World

Retired judge to lead inquiry into deadly London tower fire

British Prime Minister Theresa May appointed a retired judge on Thursday to chair a public inquiry into the devastating west London fire that killed at least 80 people, as more high-rise buildings across the country failed fire-safety tests.

May chose Martin Moore-Bick, a retired court of appeal judge, to head the investigation into the June 14 Grenfell Tower blaze.

"I am determined that there will be justice for all the victims of this terrible tragedy and for their families who have suffered so terribly," May said.

Fire safety experts expressed shock at how quickly the public housing tower block became engulfed in flames after a blaze began in a refrigerator. Attention has focused the building's new aluminum cladding installed during a recent renovation, and authorities want answers fast because thousands of other buildings in the country could be affected.

Hundreds of local government-owned buildings across Britain are being tested to see whether their cladding is fire-resistant. So far, all have failed — 137 buildings in 41 areas.

The 100 percent failure rate has led to claims that fire safety standards in construction have been dangerously flouted or watered down.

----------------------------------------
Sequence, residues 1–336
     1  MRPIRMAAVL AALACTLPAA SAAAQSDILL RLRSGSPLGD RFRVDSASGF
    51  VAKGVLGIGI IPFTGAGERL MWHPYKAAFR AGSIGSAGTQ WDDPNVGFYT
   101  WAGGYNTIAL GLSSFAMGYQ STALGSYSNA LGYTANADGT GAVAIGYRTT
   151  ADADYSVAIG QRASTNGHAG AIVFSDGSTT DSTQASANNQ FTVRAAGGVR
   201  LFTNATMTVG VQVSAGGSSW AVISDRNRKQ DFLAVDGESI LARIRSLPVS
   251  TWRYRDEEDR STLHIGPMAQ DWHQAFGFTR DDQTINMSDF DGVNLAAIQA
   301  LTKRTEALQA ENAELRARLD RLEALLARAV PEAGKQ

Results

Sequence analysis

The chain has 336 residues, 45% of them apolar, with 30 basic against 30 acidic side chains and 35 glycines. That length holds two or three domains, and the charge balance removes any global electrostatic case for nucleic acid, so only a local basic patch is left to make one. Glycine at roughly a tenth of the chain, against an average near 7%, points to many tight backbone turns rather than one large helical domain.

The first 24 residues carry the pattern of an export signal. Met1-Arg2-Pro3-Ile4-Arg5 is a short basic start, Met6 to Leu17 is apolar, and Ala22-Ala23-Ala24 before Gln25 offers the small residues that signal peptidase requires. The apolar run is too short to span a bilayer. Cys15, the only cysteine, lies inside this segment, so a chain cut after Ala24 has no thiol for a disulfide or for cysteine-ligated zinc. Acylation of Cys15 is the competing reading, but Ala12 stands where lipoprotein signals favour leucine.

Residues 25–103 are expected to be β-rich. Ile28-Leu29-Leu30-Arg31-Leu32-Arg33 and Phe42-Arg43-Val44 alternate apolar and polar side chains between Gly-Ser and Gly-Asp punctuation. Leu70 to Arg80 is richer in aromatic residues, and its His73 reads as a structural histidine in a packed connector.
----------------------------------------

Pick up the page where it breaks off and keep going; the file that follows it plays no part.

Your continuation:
David Orr, chief executive of the National Housing Federation, said there was no point continuing the tests because they had produced a "conclusive" result: that aluminum composite cladding "simply does not pass these tests and is deemed unsafe."

Orr said the tests had revealed a "systematic failure" around the development, manufacture and regulation of cladding.

Some Grenfell residents expressed skepticism that a judge-led inquiry would uncover the truth behind the tragedy, but Moore-Bick said his inquiry would be "open, transparent and fair."

But he also dampened expectations, expressing doubts that the probe would be broad enough to satisfy all the survivors. The scope of his inquiry would be limited to the start of the fire, its rapid development and how it can be prevented in the future, he said.

"I'm well aware the residents and the local people want a much broader investigation and I can fully understand why they would want that," he said. "Whether my inquiry is the right way in which to achieve that I'm more doubtful."